The problem is as much as that sounds great to say, how frequently has it really ever worked?

The Kings have dared to be great. The new guys seem to be on board so we’ll see if that’s actually what happens.

No More Guarantees For Division Winners?:  The NBA and the competition committee have been looking at the virtues of the current playoff seeding structure in the NBA and seem to have arrived that a change is in order.

NBA commissioner Adam Silver said yesterday that he felt like the NBA would be doing away with division winners being guaranteed a playoff berth, and it would likely include the division winners being guaranteed a top four spot being done away with too.

“First of all, it’s never happened before that a division winner did not finish within the top eight, and our basketball analytics folks calculate that there’s less than a five percent chance that it would happen,” Silver said to the Associated Press.

“Where we are leaning right now is that we would not guarantee a spot for a division winner in part because it’s so unlikely to happen, and No. 2 if it does happen it would be potentially confusing to fans. No. 3, you would be displacing a team that did have a top-eight record.”

There has been a push for some time to make sure that the winning teams got the best seeding, and in part that means doing away with some of the rules that reward division winners.

From there the question becomes, if there is no reward for winning a division then why have divisions?

Keep in mind that much of the infrastructure in place was conceived around local territories, travel and venue scheduling.

As improvements in every facet of the process have changed, the usefulness of divisions has decreased dramatically. Every team travels via chartered planes and stay in luxurious five-star hotels, so the days of going to Milwaukee by bus are long gone – making the rationality of divisions a little unnecessary.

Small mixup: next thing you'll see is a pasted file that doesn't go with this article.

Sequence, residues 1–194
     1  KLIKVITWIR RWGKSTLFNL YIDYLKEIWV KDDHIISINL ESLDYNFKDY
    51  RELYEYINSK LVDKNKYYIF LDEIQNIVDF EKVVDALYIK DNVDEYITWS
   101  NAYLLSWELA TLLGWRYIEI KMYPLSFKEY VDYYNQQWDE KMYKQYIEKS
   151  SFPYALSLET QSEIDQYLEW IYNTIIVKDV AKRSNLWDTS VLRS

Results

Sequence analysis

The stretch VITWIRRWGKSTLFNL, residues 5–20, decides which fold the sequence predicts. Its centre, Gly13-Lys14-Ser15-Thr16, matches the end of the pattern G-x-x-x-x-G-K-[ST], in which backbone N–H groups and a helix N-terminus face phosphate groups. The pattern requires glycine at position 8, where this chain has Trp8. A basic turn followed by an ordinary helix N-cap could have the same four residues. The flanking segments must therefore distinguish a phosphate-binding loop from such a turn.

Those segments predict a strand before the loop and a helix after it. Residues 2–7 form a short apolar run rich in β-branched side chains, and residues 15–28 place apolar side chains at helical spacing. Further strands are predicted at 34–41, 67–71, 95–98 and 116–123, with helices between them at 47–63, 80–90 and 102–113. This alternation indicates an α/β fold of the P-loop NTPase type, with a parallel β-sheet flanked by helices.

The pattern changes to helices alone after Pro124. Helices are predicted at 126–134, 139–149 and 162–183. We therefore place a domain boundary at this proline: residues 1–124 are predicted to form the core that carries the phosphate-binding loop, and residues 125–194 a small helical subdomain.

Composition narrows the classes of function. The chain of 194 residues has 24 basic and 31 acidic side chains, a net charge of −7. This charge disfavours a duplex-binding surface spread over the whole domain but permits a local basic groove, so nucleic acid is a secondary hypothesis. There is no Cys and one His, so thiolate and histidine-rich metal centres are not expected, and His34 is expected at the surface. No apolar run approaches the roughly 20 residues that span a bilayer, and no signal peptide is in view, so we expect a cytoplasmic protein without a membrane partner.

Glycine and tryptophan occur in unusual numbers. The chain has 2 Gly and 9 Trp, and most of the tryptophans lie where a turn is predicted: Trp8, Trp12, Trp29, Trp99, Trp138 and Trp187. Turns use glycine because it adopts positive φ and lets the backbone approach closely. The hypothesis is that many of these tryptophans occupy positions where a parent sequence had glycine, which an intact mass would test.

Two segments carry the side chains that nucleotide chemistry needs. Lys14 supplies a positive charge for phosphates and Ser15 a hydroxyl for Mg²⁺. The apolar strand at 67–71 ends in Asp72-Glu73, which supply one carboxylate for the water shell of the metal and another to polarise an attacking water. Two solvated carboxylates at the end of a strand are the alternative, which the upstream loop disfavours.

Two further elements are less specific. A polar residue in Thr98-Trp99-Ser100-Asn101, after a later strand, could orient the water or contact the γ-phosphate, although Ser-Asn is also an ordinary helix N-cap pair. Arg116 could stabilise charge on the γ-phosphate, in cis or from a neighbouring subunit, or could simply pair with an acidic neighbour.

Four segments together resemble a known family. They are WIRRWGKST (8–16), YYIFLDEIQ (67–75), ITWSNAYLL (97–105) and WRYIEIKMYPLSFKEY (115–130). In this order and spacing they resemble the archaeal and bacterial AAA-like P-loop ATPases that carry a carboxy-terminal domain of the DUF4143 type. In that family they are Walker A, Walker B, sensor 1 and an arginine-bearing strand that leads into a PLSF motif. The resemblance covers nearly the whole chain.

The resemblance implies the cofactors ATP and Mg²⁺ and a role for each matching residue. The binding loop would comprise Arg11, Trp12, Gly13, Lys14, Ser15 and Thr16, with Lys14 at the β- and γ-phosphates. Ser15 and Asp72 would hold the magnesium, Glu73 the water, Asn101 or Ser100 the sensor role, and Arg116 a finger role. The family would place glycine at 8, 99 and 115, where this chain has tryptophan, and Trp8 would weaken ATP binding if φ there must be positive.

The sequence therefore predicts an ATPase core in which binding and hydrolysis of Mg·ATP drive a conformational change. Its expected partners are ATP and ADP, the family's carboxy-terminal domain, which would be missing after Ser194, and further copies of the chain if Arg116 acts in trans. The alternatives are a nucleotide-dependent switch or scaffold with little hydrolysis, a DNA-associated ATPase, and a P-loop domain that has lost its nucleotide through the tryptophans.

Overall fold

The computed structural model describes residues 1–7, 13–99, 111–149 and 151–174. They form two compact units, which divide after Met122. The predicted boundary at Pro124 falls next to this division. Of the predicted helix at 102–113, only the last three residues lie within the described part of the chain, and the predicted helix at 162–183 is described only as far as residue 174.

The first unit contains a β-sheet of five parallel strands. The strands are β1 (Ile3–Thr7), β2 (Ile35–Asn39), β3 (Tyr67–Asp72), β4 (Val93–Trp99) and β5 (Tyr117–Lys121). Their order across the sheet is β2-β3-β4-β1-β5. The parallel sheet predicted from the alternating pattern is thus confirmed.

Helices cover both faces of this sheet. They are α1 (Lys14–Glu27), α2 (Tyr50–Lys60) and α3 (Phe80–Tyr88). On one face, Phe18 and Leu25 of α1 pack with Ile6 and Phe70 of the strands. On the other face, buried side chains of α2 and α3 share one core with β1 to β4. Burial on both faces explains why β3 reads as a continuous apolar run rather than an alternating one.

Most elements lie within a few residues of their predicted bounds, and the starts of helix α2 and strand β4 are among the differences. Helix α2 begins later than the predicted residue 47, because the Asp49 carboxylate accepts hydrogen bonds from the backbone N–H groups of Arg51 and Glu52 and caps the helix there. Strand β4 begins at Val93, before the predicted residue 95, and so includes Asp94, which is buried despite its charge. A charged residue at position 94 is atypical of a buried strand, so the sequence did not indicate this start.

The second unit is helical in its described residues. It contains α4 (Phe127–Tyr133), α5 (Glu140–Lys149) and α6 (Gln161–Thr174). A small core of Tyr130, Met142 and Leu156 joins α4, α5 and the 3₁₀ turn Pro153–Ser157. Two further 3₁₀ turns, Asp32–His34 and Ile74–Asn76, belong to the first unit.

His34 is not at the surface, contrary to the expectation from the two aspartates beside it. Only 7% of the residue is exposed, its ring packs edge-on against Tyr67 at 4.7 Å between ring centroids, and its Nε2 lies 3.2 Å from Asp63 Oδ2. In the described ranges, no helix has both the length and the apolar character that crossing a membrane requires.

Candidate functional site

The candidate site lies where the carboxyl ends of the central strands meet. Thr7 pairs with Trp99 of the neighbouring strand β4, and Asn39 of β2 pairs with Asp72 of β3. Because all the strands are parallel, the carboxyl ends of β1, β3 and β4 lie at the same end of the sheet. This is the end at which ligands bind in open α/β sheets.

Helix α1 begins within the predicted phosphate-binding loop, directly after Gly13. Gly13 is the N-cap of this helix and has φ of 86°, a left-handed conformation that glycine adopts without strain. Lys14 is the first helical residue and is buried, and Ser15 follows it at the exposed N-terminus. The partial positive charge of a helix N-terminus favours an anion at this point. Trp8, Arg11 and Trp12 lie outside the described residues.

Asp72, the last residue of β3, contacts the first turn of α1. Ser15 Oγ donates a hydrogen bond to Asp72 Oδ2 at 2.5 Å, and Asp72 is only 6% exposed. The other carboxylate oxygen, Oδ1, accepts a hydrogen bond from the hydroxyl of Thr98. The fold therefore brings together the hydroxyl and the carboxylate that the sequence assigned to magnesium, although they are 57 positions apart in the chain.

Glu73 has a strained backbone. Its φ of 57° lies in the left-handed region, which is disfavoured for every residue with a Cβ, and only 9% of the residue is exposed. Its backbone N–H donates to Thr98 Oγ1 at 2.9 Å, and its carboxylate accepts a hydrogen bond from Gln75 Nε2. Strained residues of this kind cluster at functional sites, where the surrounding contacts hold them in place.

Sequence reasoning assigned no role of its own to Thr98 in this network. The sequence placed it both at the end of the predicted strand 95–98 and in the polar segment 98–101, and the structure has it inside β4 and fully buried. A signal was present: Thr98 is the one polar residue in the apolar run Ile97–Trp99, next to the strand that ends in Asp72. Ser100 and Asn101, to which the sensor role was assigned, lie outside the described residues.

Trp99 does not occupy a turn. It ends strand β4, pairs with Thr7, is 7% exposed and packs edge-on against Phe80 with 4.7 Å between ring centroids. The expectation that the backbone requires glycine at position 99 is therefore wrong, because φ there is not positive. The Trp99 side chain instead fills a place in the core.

Equally, re-location has made some of the divisions a little silly. Oklahoma City is in the Northwest because that franchise relocated from Seattle. Instead of moving teams around, the Thunder stayed in the division despite it being geographically silly.

The NBA seems to be willing to take the first step in removing the value of the division by doing away with the rewards of winning them. That could lead to the next step, which is a shift entirely in how the NBA is organized.

The first step could happen as soon as next season; however, the bigger step may take a lot more talking and thinking because while it’s easy to say move this team here and move that team there, there are a lot of entrenched situations associated with a major change. But it seems on the surface that divisions as we know them may be headed toward the door.

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Steve Kyler is the Editor and Publisher of Basketball Insiders and has covered the NBA and basketball for the last 17 seasons.